Conservatives promise new routes to becoming a teacher

Conservatives promise new routes to becoming a teacher

Schools could get additional funding to train their teaching assistants up to degree level using a new apprenticeship route announced in the Conservative manifesto.

The party has pledged to ensure TAs are able to “become qualified teachers via a degree apprenticeship route”, a move which would give schools access to funding from the apprenticeship levy to train them up to level six, which is equivalent to a bachelor’s degree.

At present, the highest level a TA can reach through an apprenticeship is level three, equivalent to A-level, though training providers envisage a new route which would allow them to become an “advanced learning support practitioner” or similar.

However, there is confusion over whether those who complete the new route, but who do not already have a university degree, will be allowed to progress onto a new, separate higher-level teaching apprenticeship with qualified teacher status that’s still being planned by ministers and school leaders.

It’s about bridging that gap, so TAs don’t get stuck at level three

According to National Schools Training, an apprenticeship provider for schools in England which is involved in developing the new teaching standard, training providers are looking for ways to “bridge the gap” between TAs and the apprenticeship.

Its director Lee Povah envisages a route similar to new chartered manager degree apprenticeships developed by the Institute of Leadership and Management and the Chartered Management Institute, which give apprentices a level six qualification, accredited by the University of Chester, after four years of part-time study.

He says the graduate-only nature of the teaching profession could still be preserved because, as with the chartered management course, much of the content studied by TAs would be the same as that offered to a student on a BA education course, and would be signed off by a university.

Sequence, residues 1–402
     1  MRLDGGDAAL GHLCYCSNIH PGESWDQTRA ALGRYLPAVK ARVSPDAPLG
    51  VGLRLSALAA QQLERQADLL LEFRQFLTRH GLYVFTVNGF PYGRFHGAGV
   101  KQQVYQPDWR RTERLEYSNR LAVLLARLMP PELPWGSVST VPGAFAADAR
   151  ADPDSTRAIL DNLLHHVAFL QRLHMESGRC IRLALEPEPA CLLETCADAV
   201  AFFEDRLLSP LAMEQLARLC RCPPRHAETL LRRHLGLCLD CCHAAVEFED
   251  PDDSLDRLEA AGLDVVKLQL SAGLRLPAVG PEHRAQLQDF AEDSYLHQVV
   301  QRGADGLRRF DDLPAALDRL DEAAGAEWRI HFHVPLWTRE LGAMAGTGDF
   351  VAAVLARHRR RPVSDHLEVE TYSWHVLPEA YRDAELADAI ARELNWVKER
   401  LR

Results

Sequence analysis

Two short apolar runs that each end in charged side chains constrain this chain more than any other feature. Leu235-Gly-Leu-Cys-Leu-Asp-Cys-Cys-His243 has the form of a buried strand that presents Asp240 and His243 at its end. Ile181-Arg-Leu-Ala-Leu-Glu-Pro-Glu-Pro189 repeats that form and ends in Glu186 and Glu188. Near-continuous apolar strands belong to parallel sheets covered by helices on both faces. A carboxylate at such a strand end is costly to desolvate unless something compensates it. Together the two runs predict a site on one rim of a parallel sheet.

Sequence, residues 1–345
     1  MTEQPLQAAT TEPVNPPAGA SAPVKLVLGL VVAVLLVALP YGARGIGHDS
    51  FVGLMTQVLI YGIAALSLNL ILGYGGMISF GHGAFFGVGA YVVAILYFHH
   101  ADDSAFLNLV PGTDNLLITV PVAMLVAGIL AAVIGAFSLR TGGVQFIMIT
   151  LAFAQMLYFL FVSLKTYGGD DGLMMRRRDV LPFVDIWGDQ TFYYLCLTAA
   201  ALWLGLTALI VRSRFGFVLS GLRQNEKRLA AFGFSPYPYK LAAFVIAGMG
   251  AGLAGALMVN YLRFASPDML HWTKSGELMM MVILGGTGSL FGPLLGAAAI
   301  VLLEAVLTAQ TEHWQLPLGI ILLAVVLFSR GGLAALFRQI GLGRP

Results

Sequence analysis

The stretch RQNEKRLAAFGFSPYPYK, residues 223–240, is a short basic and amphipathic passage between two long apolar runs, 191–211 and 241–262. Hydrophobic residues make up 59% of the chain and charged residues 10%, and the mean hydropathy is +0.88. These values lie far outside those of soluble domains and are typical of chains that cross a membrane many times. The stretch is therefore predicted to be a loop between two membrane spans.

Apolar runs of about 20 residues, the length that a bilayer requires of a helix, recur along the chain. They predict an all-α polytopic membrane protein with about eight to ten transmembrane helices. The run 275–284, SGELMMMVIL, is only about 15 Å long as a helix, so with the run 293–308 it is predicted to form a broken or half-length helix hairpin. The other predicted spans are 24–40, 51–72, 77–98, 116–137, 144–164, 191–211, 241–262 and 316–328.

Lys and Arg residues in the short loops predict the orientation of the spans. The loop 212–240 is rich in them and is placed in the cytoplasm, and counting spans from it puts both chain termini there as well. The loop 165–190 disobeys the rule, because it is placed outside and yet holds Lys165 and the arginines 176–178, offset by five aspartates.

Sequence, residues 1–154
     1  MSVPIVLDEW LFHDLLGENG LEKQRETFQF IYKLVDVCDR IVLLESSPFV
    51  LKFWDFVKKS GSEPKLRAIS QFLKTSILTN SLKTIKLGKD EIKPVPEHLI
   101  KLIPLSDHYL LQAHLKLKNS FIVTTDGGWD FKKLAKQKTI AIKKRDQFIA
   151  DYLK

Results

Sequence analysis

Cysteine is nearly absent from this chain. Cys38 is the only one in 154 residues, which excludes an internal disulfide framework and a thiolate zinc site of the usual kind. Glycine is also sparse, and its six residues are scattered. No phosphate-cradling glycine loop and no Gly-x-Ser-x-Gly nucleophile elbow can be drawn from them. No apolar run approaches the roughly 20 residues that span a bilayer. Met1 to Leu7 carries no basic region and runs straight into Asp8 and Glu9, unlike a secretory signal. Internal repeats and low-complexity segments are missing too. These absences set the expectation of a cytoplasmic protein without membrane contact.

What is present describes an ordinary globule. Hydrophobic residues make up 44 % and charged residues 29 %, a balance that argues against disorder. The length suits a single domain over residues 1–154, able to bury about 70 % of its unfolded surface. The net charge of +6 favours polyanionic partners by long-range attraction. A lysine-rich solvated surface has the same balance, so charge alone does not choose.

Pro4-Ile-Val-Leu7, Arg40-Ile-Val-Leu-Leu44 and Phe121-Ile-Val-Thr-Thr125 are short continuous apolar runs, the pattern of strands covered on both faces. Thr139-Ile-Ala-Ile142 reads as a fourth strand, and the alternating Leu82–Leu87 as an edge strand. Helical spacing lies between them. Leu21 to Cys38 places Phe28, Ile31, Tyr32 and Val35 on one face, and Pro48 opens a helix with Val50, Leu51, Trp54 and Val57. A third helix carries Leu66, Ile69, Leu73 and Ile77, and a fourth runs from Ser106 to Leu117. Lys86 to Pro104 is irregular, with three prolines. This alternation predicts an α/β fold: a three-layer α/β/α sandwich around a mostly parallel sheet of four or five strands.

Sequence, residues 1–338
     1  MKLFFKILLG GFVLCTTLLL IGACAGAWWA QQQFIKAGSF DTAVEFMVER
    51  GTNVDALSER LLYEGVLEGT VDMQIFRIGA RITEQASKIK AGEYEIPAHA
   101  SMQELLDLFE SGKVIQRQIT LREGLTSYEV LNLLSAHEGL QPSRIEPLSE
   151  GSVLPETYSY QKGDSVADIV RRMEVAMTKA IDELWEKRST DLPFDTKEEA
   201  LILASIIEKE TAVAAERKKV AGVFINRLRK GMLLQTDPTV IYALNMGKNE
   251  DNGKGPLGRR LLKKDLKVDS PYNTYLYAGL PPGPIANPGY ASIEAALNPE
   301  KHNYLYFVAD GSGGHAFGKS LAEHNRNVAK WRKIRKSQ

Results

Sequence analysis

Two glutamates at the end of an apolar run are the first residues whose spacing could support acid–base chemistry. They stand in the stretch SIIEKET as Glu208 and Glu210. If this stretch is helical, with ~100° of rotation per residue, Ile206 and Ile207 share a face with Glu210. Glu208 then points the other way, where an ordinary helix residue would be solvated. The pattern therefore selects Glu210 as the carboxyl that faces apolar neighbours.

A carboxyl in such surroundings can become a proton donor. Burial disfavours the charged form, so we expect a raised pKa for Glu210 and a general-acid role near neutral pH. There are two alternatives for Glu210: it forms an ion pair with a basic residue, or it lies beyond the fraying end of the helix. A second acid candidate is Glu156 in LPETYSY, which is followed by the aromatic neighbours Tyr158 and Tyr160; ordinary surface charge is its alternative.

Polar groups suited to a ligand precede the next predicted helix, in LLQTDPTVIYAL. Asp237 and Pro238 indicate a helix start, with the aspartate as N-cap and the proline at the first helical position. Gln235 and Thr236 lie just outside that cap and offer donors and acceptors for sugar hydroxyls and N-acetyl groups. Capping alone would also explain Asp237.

Povah told Schools Week that it would still be “absolutely key” that the message was that qualified teachers had to have a degree, and said the challenge for training providers was to create an apprenticeship standard that would “allow somebody to get a degree while working as a TA”.

“It’s about bridging that gap, so TAs don’t get stuck at level three, and can aspire to be accepted onto the teaching apprenticeship standard,” he said.

However, Sir Andrew Carter (pictured), a representative of the Teaching Schools Council who advises the government on teacher training, insisted that non-graduate TAs would still need a “formal degree” to access the teaching apprenticeship, and that another qualification, even one equivalent to a degree, would not suffice.

“My understanding is very clear, and I think quite rightly, we have taken a long time to get to a degree-standard profession, and having got there, you don’t want to reduce in any way the academic skills of the people getting into the profession,” he told Schools Week.

The Conservative Party did not respond to questions at the time of going to print.